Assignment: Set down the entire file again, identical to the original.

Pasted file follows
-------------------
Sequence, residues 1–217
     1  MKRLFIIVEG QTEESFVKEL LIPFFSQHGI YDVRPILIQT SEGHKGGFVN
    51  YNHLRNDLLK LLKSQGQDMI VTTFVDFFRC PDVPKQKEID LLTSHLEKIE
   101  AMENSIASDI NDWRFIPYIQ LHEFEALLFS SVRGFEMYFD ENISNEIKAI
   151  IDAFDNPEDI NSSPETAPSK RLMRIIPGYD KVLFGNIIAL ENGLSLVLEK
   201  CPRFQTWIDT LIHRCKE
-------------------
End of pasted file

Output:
Sequence, residues 1–217
     1  MKRLFIIVEG QTEESFVKEL LIPFFSQHGI YDVRPILIQT SEGHKGGFVN
    51  YNHLRNDLLK LLKSQGQDMI VTTFVDFFRC PDVPKQKEID LLTSHLEKIE
   101  AMENSIASDI NDWRFIPYIQ LHEFEALLFS SVRGFEMYFD ENISNEIKAI
   151  IDAFDNPEDI NSSPETAPSK RLMRIIPGYD KVLFGNIIAL ENGLSLVLEK
   201  CPRFQTWIDT LIHRCKE